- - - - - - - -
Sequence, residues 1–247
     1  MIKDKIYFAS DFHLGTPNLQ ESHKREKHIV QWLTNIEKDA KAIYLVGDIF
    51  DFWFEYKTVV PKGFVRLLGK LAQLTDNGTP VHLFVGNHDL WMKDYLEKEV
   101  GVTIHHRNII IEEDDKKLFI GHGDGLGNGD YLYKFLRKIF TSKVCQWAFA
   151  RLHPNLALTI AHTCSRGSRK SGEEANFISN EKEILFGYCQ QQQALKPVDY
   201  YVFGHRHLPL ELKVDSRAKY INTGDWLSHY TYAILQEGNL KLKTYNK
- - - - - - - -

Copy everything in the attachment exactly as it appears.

Sequence, residues 1–247
     1  MIKDKIYFAS DFHLGTPNLQ ESHKREKHIV QWLTNIEKDA KAIYLVGDIF
    51  DFWFEYKTVV PKGFVRLLGK LAQLTDNGTP VHLFVGNHDL WMKDYLEKEV
   101  GVTIHHRNII IEEDDKKLFI GHGDGLGNGD YLYKFLRKIF TSKVCQWAFA
   151  RLHPNLALTI AHTCSRGSRK SGEEANFISN EKEILFGYCQ QQQALKPVDY
   201  YVFGHRHLPL ELKVDSRAKY INTGDWLSHY TYAILQEGNL KLKTYNK